Logo Print This Recipe

Goat Cheese Panna Cotta with Mulled Wine Poached Pears: Thanksgiving Day Warm-Up

Posted by Peggy on November 22, 2014

Recipe: Goat Cheese Panna Cotta with Pears and Maple-Bacon Dressing


  • 4 firm-ripe Bosc pears
  • 4 cups fruity red wine*
  • 1 1/2 cups sugar
  • 2 cinnamon sticks
  • 2 vanilla beans
  • 1 1/2 teaspoons cloves
  • Parchment paper to cover pear while poaching
  • 3 cups heavy cream (avoid ultra-pasterurized, if possible)
  • 1 cup goat milk
  • 8 ounces soft goat cheese, room temperature, coarsely chopped
  • 1 teaspoon dry tarragon
  • Two pinches of cayenne
  • 1/2 teaspoon kosher salt
  • 1 tablespoon powdered gelatin, bloomed** in 2 tablespoons warm water
  • 8 (1/2-3/4 cup)ramekins (molds), lightly oiled
  • 1 packed cup of 1/4-inch diced uncooked bacon
  • 1 cup maple syrup
  • Arugula, as needed, stems trimmed, washed and dried
  • Optional garnishes: Finely chopped parsley (for garnishing panna cotta) and raspberries.


  1. Peel pears with a vegetable peeler or paring knife and cut them, lengthwise, in half. Use a melon baller or spoon to dig out the core, and a small paring knife to remove the fibrous part of the core that extends to the stem, leaving the stem intact.
  2. Combine the wine, sugar, cinnamon sticks, vanilla beans and cloves in your largest, heavy-bottomed saucepan. Bring the mixture to a low simmer while stirring to dissolve sugar.
  3. Add pears to the saucepan. Cut a piece of parchment paper into a circle that will fit over the pears in the pan. Place the parchment round directly on the surface of the liquid and pears. This will keep the pears submerged in the liquid.
  4. Over low heat, poach pears for 20 to 30 minutes or until a knife is easily inserted into a pear. Turn pears over in the middle of simmer time to insure even poaching. Remove the pears from the heat and allow them to cool to room temperature in their liquid. Chill in the cooking liquid until cold, turning occasionally, at least 8 hours and up to 24.
  5. Meanwhile, in a large bowl, half-fill  an ice bath large enough to house the saucepan in which the panna cotta will simmer. Reserve.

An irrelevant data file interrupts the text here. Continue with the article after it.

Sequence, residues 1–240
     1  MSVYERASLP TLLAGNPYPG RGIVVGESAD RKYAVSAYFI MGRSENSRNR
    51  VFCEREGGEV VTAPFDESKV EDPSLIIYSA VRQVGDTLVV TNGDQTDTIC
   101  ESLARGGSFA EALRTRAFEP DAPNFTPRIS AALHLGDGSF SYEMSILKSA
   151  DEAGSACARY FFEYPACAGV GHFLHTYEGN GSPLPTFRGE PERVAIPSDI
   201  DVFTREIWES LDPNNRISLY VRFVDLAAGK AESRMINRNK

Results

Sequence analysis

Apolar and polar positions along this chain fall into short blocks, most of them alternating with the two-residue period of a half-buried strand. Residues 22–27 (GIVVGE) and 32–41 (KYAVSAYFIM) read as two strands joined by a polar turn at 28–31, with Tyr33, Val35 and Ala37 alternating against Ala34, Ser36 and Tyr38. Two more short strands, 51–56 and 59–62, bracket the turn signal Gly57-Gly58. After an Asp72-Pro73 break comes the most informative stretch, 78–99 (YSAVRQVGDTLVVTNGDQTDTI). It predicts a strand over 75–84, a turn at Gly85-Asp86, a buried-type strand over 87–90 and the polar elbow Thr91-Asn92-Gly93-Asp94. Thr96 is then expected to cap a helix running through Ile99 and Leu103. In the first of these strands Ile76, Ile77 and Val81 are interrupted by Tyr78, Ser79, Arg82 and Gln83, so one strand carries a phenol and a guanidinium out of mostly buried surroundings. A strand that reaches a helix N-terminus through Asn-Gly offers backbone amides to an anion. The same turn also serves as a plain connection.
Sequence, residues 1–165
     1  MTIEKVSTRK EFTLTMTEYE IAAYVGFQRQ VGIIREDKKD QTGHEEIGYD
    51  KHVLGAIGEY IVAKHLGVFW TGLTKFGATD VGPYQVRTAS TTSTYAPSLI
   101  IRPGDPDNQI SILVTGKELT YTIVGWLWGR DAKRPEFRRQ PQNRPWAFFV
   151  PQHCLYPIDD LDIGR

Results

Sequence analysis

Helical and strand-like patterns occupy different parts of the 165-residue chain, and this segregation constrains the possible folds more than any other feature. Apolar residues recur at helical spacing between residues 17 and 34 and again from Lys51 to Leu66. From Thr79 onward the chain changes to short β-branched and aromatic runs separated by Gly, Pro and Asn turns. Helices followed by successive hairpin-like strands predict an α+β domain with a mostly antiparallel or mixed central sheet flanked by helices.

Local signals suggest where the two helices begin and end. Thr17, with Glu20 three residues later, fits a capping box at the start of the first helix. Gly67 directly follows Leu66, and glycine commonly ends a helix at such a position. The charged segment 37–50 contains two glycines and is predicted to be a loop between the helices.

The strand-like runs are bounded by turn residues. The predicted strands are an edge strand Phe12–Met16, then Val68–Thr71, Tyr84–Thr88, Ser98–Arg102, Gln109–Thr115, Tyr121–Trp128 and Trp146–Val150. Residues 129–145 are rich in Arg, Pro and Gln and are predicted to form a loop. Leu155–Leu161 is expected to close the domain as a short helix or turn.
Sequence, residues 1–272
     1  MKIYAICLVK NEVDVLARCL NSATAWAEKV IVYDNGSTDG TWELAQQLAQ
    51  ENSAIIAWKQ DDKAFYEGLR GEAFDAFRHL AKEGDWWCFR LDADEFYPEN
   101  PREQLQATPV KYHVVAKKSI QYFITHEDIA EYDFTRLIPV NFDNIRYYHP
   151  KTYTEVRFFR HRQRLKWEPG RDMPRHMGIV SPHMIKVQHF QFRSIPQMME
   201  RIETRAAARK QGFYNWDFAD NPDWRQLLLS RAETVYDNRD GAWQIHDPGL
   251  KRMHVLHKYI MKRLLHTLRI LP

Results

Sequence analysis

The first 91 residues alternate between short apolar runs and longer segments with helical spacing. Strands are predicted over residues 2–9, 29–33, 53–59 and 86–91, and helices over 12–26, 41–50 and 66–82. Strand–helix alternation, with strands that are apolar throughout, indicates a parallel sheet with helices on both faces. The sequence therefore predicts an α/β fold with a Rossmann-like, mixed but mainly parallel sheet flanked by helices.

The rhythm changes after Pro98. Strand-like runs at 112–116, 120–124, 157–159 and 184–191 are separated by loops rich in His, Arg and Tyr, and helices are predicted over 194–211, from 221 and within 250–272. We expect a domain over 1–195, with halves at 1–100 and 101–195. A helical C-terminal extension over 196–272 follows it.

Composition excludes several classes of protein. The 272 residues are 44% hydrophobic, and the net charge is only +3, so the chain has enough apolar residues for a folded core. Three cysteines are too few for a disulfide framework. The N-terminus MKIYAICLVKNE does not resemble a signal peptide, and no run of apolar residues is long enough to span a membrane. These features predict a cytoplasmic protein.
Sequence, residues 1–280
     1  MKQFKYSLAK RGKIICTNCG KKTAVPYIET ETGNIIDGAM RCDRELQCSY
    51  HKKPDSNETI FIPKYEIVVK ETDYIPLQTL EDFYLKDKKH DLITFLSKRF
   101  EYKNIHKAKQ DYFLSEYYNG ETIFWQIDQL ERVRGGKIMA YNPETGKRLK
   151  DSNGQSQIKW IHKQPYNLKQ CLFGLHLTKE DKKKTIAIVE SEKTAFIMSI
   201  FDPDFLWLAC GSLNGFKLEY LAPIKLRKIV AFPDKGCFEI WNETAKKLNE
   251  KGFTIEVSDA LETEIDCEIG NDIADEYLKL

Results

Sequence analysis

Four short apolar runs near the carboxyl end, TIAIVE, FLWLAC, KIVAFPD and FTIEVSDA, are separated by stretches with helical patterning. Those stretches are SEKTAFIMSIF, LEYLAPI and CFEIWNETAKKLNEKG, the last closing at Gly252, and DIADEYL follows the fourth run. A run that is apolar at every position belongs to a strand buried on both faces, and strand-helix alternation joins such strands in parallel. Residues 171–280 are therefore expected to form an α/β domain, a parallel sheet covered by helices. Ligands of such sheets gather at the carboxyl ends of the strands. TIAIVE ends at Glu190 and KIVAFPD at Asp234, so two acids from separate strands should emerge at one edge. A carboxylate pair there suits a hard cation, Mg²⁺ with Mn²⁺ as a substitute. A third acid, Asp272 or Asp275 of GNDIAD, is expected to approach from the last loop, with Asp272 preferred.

6. Gently heat the cream and goat milk in  saucepan. When just hot but not boiling, stir in the goat cheese and whisk until the mixture is smooth; stir in tarragon, cayenne and salt. Remove from heat and continue whisking in ice bath; whisking in the bloomed gelatin (see notes below) and continue whisking until completely incorporated.
  7. Pour into oiled molds. Chill in the refrigerator for at least 6 hours and up to 24 hours.
  8. Fry the bacon in a skillet until crisp; deglaze pan with 2 cups of water and the maple syrup and reduce until 1 cup, or so, remains; about 15 minutes. Strain out bacon (reserve for another use), return the syrup to a small saucepan and whisk over high heat for 3-4 minutes, until the syrup thickens. Allow to cool, whisking occasionally to make sure the fat does not separate. (If refrigerated at this point, the syrup will thicken further; bring to room temperature before using.)
  9. Unmold the panna cottas by running a knife along the edges of the ramekins and tapping onto 8 plates garnished with arugula. (If they don't slide out of the mold, place briefly in a small hot water bath and try again.) Slice the pears and arrange around the panna cotta. Drizzle with the bacon syrup, garnish, if desired, and serve.
*A typical, 750mL bottle of wine is 3 cups; add an additional cup of water, if you don't want to open another bottle. That's what I did. A bit less of an intense red color, but lovely. **Blooming gelatin is an important step to ensure a smooth texture. Sprinkle the powdered gelatin into water and stir to dissolve. Let sit for 3 to 5 minutes until congealed, then heat in the microwave about 45 seconds until liquified.
Time to make poached pears and panna cotta (advance prep required): 75 minutes Time to make dressing and finish plates: 40 minutes

Number of servings (yield): 8

Copyright © Peggy Lampman's dinnerFeed.